Lake Adger – NC

@450 acres

Water Clarity – 7

Natural Quality – 7

Difficulty – easy to moderate

Perception – Weekday

The upper Green River of North Carolina feeds several WNC lakes and is known as a ‘peaceful place to cast a line’….

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“hammerhead”

‘The upper green’ is also known for the World Class whitewater activity which takes place through the ‘ gorge.’

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 Lake Summit sits atop the green river, then the whitewater kayak and tubing sections of the river which ultimately flow into Lake Adger, another mountain lakeside community.

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(GPS – @ 669 Lake Adger Rd, Mill Spring, NC)

Lake Adger is about 40 miles south of Asheville, NC – nearest to an interesting little ‘railroad’ town to visit, Saluda, NC (try the music/beer/pizza of the Purple Onion or Green River BBQ).  The shortest way to Adger for paddlin is from Exit 59 on I-26, left on Green River rd (down through the 17 ‘switchbacks’) @ five miles or so to the end and another left on Silver Lake rd, and a right after the bridge to the Lake Adger Marina (4585 Lake Adger rd – for those with those Garmin GPS things) – the lake is also accessible from Hwy 9 below Lake Lure. NC.

From the Marina you have the choice of two paddle sections, Right for a shorter paddle through the wetlands and up the gentle current of the Green River (Adger option) for a several miles while enjoying the cool shade, clear water, and schools of bass swimming under you – or Left onto Lake Adger proper – on this date I took the lake paddle, Left.

As I paddled across the width of the lake a fellow in a fishing boat mentioned that he had seen an eagle – I did not see an eagle but there was a heron in the general vicinity – just up from a small babbling ‘brook’.  Lake Adger is not a wide-bodied lake as one might imagine but one in which the main channel winds through the land above the ancient river bed.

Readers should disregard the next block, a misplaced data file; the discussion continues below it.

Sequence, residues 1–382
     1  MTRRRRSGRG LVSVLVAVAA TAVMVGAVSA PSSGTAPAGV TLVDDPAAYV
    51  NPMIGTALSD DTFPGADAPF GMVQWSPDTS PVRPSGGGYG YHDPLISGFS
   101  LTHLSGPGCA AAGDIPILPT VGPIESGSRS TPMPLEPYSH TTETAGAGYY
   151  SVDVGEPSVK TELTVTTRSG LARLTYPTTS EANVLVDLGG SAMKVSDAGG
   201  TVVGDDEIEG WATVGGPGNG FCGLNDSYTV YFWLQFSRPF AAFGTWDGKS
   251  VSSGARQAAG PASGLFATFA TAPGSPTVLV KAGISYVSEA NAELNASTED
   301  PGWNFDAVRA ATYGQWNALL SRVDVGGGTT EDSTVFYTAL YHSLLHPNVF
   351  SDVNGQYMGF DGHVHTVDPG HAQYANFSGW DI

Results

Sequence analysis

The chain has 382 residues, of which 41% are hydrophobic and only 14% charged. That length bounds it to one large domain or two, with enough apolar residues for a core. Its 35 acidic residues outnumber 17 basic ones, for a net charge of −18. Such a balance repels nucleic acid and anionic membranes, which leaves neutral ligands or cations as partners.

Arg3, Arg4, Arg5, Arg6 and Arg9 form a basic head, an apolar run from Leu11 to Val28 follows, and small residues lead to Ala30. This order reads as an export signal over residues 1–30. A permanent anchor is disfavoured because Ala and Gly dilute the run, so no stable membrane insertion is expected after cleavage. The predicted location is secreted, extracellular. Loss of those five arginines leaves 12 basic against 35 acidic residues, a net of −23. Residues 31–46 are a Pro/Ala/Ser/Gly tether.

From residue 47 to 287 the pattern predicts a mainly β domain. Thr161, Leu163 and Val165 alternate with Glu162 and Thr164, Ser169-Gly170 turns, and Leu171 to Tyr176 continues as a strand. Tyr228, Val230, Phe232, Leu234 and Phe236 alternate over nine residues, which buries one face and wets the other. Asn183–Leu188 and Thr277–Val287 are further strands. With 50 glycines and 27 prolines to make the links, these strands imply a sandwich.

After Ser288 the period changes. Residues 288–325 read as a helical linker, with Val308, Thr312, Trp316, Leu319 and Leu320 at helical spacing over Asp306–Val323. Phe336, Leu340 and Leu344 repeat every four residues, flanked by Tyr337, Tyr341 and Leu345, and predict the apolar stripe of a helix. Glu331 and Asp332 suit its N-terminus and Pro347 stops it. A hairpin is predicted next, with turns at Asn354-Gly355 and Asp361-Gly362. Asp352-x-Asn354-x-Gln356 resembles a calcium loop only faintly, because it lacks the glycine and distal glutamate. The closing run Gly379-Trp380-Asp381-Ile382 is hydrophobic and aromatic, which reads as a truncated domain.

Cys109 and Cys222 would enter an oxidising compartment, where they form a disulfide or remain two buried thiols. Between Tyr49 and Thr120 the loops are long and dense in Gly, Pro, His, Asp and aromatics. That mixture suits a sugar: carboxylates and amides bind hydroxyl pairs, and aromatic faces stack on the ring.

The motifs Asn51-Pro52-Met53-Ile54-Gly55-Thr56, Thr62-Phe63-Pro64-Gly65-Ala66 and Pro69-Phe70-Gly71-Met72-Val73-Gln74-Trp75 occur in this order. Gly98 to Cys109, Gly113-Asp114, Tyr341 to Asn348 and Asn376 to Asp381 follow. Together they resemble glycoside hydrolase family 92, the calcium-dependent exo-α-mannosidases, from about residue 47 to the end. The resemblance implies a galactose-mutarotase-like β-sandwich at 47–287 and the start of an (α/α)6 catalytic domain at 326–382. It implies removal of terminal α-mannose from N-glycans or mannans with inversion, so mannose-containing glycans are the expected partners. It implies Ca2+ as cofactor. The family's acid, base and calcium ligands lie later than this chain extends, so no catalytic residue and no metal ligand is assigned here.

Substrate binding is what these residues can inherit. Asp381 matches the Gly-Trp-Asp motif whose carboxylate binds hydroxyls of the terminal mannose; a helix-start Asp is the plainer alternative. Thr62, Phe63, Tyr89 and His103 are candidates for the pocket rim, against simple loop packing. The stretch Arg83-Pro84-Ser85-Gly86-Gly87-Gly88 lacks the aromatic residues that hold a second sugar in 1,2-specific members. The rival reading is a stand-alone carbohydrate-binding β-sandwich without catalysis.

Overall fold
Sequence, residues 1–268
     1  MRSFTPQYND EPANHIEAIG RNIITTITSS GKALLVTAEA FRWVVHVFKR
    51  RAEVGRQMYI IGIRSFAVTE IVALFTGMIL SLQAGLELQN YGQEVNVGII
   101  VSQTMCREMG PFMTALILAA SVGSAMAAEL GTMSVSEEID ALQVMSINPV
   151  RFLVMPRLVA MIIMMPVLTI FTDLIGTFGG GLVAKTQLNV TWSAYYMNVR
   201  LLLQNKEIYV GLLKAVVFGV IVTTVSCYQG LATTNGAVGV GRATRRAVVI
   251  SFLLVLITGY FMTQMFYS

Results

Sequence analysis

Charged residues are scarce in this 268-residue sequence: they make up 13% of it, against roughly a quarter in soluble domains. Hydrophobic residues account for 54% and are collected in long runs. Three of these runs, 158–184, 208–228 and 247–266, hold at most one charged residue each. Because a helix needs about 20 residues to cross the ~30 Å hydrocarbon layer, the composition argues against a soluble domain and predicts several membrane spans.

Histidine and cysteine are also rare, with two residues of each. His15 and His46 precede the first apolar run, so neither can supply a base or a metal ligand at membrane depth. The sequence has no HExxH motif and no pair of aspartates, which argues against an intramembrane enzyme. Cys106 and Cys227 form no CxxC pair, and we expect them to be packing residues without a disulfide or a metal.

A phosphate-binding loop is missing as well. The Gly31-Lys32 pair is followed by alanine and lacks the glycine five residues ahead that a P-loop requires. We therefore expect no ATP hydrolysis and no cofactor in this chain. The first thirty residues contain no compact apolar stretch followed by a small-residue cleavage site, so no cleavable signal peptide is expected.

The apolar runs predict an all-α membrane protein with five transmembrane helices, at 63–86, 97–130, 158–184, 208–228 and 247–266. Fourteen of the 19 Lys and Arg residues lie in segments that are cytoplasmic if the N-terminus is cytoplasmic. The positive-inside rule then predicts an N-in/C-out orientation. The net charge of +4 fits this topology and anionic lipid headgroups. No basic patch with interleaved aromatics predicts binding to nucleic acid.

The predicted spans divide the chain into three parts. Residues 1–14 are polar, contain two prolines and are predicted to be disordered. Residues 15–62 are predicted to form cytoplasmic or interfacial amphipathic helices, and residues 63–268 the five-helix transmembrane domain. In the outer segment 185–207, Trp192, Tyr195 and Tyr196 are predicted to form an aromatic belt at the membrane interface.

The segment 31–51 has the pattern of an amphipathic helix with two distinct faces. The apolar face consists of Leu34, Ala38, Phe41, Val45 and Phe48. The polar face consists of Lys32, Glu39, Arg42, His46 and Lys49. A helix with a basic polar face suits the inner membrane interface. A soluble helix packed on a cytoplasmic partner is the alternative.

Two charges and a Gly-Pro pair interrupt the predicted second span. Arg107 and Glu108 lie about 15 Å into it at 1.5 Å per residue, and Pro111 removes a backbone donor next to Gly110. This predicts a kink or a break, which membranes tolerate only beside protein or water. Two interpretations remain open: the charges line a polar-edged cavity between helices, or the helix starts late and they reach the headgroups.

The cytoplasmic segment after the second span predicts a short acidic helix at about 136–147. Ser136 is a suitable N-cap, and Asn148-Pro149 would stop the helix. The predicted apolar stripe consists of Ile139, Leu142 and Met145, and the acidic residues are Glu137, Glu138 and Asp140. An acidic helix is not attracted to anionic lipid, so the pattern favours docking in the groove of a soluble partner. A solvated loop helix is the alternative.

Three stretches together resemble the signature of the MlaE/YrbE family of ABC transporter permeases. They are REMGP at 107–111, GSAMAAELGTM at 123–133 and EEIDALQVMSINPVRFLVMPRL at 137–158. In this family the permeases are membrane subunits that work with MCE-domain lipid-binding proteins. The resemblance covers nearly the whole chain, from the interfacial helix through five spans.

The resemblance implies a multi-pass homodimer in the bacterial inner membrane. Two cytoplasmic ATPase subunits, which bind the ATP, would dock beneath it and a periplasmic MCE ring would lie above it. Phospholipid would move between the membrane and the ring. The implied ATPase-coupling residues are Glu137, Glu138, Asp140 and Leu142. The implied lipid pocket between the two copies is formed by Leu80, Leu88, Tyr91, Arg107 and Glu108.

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I simply followed the Southern shore and used the shade while exploring every cove possible, two of the coves went much further than I had anticipated with each ending in a ‘wetlands’ setting, turtles were numerous.  The water was very smooth and I was both surprised and impressed with the tranquil nature surrounding these coves.

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Continuing along the Southern shore all the way to the Spillway, it seemed every other dock had kayaks on them – I could feel that these waters were appreciated.

100_9334When I made the lake’s spillway there was not a ‘clear’ or absolute barrier; plus not feeling any imminent doom or a quick case of stupidity, I eased along the shade right up to the cement barrier…

100_9339and sat alongside this barrier – the dam.  A foot away was about a 100′ drop…

So I held the camera out and down – I didn’t feel ‘in-danger,’ but I did feel ‘the-danger.’

100_9340It was a long way up, and not a good place to be playing around because I certainly couldn’t out paddle a sudden breach.  So I moved on; sometime or another I will travel highway-9 and get a picture looking back.

100_9351Back to the trees, turtles,

– and turkeys! There were six lounging around in this particular area and three more in Jackson Cove to the North.

Now following the opposite shoreline I paddled a cove, then into a short creek and back out to a beach to rest.  Sometimes you just have to jump in…. the ‘dip’ and a snack were refreshing – this is where I noticed more wild turkeys in the field above.

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With more than 4 hours of paddling behind and now late in the afternoon I started thinking about the marina and heading that way. The day had been just right – overcast just enough to keep the blaring sun off of me, yet sunny and warm enough to jump in too.

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Of course I love public boat ramps, it is the cheapest of entertainment – from something much more comfortable than a lawn chair...

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My memories of Adger had to do with the wind in the main channel, what I found was that on any given day the coves should provide areas of protected paddling without the wind or whitecaps.   The water of Adger held that ‘fresh’ feeling and quality that mountain lakes are known for, it is populated – but not over populated.  The natural quality is present within the coves, the fishing, the turtles, turkey and other wildlife that are present or simply passing through.

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The Lake Adger folks that I encountered were the most polite and ‘wake-conscious’ of all.  The lake had a good feel to it and seemed the most kayak friendly lake that I have paddled yet.

It was now 5 pm, and my 5 1/2 hours of paddling had made this day ‘complete.’

Upstream, right from Marina – Lake Adger Option

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